by Paula Eykelhof, longtime editor for author Tara Taylor Quinn
Tara thought it might be interesting for you to hear from an editor—specifically her editor—on exactly what the editorial process entails.
I can only speak from what I’ve experienced and observed—which is that the successful editor-author relationship is a complicated and always very interesting one. It’s a professional relationship but it’s probably unlike most other professional relationships you might have. Because, inevitably, there’s a significant personal element, too. It requires honesty and immense trust, and that goes both ways.
So, you already know what the author does, right? At least in general terms. What part does the editor play? I’ll try to describe it using The Chapman Files as an example.
First of all, of course, the editor acquires books—and very often they haven’t been written yet! (So, in a sense, we’re acquiring the idea of a book. Or, rather, for a book.) In the case of The Chapman Files, the whole thing started with a conversation. I told Tara I wanted to see a story, a series, that had the same emotional intensity her Supers are known for, as well as action and genuine suspense. We talked back and forth for a while as she worked out the idea. The starting point was the character of Kelly Chapman, a psychologist in a small Ohio town, modeled on the town in which Tara’s currently living. Kelly, as you’ll realize if you’ve read the books so far, is the link from one story to the next (although I assure you they can all be read independently). Needless to say, this character had to be very clearly thought out—her circumstances and her background and how they influenced her personality and beliefs.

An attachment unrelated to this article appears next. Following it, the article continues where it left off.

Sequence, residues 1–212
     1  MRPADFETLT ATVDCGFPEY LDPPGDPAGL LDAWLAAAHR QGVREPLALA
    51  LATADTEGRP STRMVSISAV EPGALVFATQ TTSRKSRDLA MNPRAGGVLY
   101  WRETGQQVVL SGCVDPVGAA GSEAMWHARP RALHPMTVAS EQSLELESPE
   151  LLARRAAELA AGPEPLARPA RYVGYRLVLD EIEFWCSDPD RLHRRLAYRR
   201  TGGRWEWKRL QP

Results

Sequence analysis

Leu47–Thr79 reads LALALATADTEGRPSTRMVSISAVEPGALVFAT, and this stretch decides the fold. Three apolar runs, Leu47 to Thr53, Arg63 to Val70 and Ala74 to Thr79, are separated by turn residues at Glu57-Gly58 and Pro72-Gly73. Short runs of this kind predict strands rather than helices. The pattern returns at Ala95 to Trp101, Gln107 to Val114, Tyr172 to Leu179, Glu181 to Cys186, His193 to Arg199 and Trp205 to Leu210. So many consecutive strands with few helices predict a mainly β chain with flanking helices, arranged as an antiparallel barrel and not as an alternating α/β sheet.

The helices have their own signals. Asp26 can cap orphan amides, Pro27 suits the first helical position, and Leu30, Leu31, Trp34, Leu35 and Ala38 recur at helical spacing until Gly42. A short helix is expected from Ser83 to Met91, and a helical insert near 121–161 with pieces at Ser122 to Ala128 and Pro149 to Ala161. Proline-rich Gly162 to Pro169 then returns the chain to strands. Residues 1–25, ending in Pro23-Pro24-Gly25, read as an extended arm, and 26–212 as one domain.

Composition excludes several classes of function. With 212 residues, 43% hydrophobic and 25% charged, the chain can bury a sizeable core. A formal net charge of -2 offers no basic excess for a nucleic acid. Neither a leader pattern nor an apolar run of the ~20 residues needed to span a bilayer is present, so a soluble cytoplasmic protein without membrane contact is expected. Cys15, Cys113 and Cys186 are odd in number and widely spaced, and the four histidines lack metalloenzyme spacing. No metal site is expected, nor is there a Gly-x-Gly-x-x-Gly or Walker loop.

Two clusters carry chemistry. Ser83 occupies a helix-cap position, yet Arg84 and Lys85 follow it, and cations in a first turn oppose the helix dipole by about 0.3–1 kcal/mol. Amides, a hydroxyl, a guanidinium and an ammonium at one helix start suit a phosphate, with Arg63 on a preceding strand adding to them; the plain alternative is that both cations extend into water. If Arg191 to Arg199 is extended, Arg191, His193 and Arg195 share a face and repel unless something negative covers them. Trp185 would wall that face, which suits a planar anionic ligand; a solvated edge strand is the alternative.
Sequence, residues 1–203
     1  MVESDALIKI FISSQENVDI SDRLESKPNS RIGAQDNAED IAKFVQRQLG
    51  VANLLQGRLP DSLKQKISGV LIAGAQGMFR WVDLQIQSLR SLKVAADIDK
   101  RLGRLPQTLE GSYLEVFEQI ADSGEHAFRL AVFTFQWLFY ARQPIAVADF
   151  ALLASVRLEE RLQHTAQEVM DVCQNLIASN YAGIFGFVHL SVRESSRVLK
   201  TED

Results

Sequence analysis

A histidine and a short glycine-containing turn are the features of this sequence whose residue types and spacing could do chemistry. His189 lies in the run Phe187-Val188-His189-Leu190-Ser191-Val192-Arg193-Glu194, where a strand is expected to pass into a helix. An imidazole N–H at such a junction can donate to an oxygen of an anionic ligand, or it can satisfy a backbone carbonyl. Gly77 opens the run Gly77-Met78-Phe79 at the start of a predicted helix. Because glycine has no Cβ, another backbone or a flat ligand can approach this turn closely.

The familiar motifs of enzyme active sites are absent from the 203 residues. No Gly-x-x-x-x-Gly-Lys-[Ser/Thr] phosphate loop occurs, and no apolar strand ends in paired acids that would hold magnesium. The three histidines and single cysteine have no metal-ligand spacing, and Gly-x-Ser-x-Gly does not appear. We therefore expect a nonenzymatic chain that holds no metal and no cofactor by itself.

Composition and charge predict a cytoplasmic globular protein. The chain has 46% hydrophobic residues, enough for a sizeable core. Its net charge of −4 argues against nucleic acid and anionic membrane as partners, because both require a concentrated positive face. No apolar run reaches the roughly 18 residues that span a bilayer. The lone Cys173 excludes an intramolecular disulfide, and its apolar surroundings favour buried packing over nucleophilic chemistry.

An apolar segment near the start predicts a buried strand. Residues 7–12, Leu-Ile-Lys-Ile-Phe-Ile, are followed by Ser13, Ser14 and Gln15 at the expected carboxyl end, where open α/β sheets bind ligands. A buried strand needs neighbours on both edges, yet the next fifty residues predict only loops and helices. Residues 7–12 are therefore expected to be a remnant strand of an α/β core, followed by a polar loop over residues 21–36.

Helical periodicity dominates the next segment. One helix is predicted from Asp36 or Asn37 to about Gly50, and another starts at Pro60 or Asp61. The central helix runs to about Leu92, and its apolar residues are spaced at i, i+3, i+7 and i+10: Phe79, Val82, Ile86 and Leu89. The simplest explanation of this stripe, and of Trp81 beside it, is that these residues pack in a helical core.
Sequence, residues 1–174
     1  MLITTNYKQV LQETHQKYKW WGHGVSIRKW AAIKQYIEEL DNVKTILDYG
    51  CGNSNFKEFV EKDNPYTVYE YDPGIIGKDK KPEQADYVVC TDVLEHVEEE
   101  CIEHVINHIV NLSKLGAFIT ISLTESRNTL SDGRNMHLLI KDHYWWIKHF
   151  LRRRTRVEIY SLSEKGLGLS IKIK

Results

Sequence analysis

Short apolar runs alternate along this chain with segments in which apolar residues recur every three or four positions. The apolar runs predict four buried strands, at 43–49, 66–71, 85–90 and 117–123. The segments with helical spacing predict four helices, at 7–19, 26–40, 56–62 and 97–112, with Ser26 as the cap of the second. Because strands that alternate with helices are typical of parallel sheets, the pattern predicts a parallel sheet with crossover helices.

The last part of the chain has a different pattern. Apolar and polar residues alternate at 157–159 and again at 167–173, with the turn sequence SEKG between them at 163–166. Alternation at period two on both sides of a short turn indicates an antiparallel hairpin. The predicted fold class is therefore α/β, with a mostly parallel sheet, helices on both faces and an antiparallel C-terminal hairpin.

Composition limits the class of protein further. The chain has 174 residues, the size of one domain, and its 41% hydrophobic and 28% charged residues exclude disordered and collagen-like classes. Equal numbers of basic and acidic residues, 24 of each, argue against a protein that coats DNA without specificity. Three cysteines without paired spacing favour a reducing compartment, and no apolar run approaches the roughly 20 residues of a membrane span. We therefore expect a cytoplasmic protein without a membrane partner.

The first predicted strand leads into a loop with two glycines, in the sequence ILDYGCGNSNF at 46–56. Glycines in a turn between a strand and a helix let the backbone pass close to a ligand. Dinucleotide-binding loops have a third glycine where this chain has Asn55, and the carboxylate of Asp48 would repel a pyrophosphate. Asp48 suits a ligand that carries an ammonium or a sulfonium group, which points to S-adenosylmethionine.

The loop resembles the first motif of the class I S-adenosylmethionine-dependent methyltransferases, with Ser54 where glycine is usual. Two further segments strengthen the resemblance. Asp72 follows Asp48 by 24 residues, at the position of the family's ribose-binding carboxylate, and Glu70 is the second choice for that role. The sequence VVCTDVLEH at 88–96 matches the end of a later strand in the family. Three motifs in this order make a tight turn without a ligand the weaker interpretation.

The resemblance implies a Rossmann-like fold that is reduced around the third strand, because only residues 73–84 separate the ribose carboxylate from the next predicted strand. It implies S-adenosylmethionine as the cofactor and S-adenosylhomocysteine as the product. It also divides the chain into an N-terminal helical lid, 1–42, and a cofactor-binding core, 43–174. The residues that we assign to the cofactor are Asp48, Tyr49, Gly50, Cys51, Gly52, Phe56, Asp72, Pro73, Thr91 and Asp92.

Next, Tara sent a few chapters of the first book, the Superromance titled The First Wife. That title, by the way, emerged naturally from the story—which led, just as naturally, to the other 3 titles. I read those chapters, asked some questions, made some suggestions, and then she got to work revising them and finishing the book.
Also worth noting is the fact that we’ve done something quite unusual in creating a series that actually begins in one of our romance lines.